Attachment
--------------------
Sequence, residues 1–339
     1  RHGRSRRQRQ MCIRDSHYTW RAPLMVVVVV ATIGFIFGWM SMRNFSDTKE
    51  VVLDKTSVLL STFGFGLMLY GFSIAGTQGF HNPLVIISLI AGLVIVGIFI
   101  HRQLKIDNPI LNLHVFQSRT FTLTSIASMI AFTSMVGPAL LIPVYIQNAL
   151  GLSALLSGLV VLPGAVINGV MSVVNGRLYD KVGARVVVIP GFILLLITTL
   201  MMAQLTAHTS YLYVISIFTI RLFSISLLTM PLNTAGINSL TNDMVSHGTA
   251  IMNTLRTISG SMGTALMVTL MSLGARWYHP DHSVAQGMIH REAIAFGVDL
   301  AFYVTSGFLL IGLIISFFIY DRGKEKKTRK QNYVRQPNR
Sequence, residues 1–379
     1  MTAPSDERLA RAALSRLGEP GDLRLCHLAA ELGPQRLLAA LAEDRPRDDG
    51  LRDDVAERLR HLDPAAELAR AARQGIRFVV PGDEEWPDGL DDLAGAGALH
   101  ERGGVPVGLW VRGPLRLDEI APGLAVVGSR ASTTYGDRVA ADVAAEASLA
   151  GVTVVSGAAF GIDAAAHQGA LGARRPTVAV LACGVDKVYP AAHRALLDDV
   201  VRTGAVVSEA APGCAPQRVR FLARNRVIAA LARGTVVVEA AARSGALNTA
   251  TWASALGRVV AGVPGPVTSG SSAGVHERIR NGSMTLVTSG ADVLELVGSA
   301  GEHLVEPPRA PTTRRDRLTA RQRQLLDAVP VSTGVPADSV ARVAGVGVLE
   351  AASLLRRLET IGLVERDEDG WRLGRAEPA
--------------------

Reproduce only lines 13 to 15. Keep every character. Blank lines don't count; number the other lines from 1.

   151  GVTVVSGAAF GIDAAAHQGA LGARRPTVAV LACGVDKVYP AAHRALLDDV
   201  VRTGAVVSEA APGCAPQRVR FLARNRVIAA LARGTVVVEA AARSGALNTA
   251  TWASALGRVV AGVPGPVTSG SSAGVHERIR NGSMTLVTSG ADVLELVGSA